EMC is expected to finally unveil its much-previewed storage router next week. It is designed to ease the movement of data across different types of storage environments and support intelligent storage applications such as information lifecycle management.

EMC declined to comment on any announcements planned for the show. However it has published papers, here and here, extensively describing its network storage virtualisation ideas.

The Storage Router is an out-of-band appliance, called a Control Path Processor (CPP), built on a dual-node server cluster. It connects to a Fibre Channel switch within a storage area network. The appliance works with Cisco’s MDS 9000 director-level switches, Brocade’s Silkworm Fabric Application AP7420, and also McData’s switches, pending certification from EMC. The Storage Router software acts as a metadata repository, and organizes and tracks the location of data in the virtualized pool of storage.

According to the EMC papers, it will manage data presentation, including volume management functions such as mapping volumes to physical storage, and data access functions. The software should be able to dynamically move volumes from one location to another whilst accessing applications remain online. They address the same volume but the storage router software remaps the address to the changed location. This can help with the insertion of new arrays into a SAN.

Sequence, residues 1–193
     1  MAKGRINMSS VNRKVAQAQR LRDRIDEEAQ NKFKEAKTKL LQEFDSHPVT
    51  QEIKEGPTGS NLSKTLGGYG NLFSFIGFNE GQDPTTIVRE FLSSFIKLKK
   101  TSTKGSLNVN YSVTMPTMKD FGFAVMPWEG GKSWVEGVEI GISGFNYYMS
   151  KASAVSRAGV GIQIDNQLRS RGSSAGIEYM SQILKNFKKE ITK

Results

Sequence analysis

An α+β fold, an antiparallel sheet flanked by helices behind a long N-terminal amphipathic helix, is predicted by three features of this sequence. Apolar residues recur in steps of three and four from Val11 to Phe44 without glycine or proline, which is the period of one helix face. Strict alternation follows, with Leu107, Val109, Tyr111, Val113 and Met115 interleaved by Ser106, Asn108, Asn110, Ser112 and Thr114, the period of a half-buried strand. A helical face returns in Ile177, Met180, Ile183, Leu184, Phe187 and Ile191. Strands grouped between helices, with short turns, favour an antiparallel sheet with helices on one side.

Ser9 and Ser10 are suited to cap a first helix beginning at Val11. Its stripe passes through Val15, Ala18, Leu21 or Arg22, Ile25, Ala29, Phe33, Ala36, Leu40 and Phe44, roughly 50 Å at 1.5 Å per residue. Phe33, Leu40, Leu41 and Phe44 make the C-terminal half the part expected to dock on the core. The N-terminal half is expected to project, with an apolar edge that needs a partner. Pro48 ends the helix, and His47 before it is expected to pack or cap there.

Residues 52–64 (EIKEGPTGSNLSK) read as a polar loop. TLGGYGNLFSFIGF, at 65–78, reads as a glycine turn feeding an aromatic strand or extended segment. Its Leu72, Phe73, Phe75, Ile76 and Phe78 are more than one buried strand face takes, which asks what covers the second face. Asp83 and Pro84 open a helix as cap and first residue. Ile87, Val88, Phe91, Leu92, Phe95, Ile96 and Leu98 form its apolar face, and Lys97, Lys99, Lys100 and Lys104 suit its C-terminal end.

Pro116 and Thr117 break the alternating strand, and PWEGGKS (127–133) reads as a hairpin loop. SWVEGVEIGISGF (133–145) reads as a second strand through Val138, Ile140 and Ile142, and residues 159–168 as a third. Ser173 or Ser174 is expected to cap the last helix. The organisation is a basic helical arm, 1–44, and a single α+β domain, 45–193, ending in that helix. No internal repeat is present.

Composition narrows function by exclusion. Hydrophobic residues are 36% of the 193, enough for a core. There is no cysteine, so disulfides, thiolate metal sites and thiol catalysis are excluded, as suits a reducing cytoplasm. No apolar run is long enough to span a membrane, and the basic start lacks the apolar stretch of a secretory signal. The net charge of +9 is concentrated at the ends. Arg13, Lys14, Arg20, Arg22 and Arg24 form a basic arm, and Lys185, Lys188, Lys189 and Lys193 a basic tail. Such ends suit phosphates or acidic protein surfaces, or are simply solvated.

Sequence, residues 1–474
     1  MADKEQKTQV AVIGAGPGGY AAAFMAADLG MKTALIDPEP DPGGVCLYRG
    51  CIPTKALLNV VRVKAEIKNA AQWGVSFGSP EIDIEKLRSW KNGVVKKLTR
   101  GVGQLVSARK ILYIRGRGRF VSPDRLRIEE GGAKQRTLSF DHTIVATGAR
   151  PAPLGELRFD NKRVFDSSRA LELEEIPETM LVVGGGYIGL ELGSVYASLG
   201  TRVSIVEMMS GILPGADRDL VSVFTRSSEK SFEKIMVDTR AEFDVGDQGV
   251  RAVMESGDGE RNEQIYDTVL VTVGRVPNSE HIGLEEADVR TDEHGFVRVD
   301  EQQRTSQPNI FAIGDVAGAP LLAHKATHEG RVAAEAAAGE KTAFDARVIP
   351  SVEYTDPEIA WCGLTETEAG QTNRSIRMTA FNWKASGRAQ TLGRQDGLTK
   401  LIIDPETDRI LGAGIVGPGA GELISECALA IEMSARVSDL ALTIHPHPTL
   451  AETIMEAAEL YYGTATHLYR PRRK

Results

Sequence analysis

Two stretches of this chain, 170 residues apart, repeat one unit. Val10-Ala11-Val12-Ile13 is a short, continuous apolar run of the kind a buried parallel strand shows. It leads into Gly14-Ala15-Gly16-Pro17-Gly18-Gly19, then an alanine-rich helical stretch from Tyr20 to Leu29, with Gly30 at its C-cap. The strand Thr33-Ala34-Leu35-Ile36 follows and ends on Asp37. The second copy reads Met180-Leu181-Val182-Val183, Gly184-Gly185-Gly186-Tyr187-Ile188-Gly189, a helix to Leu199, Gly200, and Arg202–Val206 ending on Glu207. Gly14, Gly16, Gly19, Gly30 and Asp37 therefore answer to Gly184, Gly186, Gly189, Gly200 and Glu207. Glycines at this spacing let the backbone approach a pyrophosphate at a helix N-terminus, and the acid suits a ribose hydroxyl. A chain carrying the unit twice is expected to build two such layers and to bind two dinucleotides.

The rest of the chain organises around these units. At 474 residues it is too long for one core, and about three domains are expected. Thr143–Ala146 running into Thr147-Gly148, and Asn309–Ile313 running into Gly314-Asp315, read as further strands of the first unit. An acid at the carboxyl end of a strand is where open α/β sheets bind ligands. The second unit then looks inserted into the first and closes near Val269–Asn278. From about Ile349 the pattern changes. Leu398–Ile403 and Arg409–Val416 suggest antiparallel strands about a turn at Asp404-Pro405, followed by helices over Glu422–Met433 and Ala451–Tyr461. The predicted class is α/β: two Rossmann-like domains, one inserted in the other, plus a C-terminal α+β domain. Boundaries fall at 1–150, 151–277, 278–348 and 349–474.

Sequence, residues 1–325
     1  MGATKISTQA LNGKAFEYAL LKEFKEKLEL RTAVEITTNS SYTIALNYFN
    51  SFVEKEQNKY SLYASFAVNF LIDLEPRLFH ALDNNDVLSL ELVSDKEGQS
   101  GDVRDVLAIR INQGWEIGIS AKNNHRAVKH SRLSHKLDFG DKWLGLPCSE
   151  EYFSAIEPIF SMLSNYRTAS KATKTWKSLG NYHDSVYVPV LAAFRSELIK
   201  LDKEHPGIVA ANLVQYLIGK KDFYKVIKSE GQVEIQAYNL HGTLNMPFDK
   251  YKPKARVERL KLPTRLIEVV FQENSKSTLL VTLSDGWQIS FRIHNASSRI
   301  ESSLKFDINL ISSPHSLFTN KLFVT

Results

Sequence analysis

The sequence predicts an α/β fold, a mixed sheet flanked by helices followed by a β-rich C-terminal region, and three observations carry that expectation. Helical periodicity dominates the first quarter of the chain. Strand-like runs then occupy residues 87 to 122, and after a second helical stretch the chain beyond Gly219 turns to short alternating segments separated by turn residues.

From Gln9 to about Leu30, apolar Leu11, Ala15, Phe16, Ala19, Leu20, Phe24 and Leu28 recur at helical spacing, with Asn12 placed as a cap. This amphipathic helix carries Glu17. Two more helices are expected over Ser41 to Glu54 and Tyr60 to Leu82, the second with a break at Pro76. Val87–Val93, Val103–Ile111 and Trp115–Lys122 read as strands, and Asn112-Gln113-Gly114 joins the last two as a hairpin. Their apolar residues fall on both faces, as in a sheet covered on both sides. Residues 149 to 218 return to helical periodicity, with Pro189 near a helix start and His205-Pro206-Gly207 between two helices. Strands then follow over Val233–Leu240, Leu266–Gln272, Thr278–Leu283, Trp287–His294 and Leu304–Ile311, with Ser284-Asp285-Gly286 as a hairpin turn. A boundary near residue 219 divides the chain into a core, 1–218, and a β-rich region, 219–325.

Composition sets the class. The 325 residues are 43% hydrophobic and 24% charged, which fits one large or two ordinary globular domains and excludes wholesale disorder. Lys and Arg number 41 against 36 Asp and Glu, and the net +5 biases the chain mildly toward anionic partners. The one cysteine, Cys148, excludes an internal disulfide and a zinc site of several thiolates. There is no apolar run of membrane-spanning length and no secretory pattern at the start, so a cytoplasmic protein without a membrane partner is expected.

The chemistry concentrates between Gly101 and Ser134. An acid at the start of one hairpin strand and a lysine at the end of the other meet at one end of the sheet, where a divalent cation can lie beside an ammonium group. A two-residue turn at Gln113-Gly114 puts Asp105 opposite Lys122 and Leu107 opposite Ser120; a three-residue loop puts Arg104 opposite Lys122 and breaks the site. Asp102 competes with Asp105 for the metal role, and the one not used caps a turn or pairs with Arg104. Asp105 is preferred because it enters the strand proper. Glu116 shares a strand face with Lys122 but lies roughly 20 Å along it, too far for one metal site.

Point-in-time copies should also be possible with the storage router. It is managed from a Web-based GUI, a command-line interface, or from EMC’s ControlCenter software.

EMC’s SPAID or out-of-band Storage Router will compete with IBM’s in-band, fabric-based SAN Volume Controller and Hitachi Data Systems’ array-based TagmaStore. Because the Storage Router lets I/O processing remain on the Fibre Channel switch, it is expected to perform at 30,000 to 40,000 I/Os per second.

The Storage Router conforms to the Fabric Application Interface Standard (FAIS), which consists of a common API for implementing storage applications within a SAN.

Interestingly, EMC has added a new trademark to the block of terms listed on documents such as its AX100 Support Matrix. It is InVista which appears on this 1st April 2005 document. Items being in view, or in vista, would seem to be a good fit to a network storage virtualisation concept. The InVista trademark is not included in the 18th March 2005 Network Storage Virtualisation white paper, suggesting it is a new arrival.

The Storage Router is expected to ship at the end of June.